By formulating a problem statement from the perspective of the user, the Product Manager shall be getting into the head of the people they're trying to assist by building their digital product. A problem statement is a one line statement that recasts the idea in human terms of what the technology allows your user to accomplish.
These should be in the form:
I would like a way to...
So I can...
This can be explained as:
THE USER would like a way to DO SOMETHING (THAT ADDRESSES THEIR NEED) so that SOMETHING HAPPENS (THAT BENEFITS THEM).
Giving the Product Managers an example will help them understand the format of the problem statement. It should always be written from the perspective of the user. The example we give is:
As a teenager who struggles to connect with others, I’d like a way to learn social cues so I can find friends and build relationships with my peers.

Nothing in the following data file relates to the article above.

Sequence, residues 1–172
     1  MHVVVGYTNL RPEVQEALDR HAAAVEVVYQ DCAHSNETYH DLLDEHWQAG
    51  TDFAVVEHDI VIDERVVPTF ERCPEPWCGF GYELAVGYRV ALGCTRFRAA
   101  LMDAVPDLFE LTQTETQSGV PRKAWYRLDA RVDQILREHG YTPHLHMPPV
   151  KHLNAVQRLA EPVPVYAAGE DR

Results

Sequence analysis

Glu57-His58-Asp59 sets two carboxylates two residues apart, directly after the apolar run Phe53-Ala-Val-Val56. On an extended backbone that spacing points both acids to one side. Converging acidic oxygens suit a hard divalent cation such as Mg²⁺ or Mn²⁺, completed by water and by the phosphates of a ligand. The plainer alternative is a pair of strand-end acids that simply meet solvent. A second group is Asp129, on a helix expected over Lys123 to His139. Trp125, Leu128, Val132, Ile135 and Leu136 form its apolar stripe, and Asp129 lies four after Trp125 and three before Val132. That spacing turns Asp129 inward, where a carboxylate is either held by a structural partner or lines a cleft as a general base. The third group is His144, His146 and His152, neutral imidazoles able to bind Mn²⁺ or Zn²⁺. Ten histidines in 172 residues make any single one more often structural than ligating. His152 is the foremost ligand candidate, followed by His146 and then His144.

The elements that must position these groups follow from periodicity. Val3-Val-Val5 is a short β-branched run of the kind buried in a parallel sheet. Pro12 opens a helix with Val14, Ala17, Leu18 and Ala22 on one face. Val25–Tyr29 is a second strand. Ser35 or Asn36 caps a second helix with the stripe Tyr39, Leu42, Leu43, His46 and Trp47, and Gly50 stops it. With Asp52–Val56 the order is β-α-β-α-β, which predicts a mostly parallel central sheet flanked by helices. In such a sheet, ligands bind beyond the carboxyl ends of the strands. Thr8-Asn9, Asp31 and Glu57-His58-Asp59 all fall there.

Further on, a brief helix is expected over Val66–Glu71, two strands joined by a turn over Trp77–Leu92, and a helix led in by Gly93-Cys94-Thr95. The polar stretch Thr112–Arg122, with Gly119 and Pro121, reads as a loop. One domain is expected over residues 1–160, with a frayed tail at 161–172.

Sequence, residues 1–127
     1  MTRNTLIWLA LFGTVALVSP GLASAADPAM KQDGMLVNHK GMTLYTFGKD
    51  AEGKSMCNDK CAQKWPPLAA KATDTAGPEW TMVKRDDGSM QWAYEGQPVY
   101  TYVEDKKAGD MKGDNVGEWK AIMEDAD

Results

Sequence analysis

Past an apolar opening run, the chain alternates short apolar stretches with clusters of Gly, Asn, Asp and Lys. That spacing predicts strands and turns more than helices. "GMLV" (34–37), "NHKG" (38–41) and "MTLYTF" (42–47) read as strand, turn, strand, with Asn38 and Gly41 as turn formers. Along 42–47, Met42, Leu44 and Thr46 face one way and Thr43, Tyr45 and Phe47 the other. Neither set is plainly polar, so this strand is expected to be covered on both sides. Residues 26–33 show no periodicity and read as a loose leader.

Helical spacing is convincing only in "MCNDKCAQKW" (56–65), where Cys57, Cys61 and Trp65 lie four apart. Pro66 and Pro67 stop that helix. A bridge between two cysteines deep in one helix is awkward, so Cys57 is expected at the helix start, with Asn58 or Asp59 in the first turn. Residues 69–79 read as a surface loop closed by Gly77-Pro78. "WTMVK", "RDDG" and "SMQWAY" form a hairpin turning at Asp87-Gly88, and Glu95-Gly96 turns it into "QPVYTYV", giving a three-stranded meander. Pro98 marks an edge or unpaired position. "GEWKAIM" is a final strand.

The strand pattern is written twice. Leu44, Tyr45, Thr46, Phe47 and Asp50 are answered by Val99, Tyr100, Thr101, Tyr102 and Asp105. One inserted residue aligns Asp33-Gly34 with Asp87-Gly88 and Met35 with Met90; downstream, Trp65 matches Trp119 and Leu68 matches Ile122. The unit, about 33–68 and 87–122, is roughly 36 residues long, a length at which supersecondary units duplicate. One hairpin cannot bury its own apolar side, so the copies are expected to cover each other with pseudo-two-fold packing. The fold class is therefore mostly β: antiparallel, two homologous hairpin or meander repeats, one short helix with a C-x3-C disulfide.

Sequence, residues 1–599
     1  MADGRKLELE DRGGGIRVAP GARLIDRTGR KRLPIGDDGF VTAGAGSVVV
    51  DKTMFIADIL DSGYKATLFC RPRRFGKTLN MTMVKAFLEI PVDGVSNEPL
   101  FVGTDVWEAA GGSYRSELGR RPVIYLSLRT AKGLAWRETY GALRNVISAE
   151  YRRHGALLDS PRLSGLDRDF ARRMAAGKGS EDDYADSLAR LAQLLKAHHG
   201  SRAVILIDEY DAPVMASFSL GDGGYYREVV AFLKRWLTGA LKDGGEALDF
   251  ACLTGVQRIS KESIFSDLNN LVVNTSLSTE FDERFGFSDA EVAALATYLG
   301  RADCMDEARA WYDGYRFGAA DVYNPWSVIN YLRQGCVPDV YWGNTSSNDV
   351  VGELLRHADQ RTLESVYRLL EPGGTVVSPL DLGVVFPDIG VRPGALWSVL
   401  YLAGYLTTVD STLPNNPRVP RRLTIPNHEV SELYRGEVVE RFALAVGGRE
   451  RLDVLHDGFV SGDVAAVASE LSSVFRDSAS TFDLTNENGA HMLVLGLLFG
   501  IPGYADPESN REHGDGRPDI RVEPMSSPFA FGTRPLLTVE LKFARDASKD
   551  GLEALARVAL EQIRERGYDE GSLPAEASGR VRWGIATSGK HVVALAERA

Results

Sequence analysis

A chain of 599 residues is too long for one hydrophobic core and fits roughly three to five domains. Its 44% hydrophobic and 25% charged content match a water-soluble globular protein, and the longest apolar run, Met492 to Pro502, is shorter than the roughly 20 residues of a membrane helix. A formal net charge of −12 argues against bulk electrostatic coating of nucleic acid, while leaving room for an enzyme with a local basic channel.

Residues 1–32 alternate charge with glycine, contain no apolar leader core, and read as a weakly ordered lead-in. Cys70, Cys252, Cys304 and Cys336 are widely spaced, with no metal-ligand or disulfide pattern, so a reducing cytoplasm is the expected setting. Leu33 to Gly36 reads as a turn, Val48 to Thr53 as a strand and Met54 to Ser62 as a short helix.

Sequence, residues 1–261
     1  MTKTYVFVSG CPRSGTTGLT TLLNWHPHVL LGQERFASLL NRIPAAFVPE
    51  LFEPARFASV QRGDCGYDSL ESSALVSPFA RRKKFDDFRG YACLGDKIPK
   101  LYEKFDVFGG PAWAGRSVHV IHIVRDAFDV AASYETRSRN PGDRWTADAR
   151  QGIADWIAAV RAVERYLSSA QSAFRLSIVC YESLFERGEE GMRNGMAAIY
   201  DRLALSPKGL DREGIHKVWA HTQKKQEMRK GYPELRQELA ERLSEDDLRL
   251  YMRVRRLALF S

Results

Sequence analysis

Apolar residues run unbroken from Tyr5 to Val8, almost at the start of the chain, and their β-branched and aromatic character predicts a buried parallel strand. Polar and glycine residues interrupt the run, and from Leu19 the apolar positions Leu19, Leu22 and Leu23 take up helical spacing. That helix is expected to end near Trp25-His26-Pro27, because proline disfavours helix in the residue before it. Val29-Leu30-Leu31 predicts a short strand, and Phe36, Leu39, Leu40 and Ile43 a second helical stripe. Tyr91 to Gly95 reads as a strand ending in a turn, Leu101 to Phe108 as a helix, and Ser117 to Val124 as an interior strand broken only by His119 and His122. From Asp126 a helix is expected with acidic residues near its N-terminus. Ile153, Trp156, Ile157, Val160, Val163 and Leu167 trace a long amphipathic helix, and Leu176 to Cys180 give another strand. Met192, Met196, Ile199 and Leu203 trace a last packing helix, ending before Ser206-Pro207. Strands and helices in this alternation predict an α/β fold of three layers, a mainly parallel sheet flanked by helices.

This example was written for a product addressing the needs of teenagers with Autism Spectrum Conditions - this is not identified in the problem statement since a user would not refer to themselves in these terms.
Paper and pen
The Product Managers should be presented with the structure of a problem statement.
Give an example of a problem statement to the Product Managers.
Ask the Product Managers to formulate their own problem statements.
After giving enough time to formulate these ask participants to read them back to the group and allow other Product Managers to offer advice on each problem statement.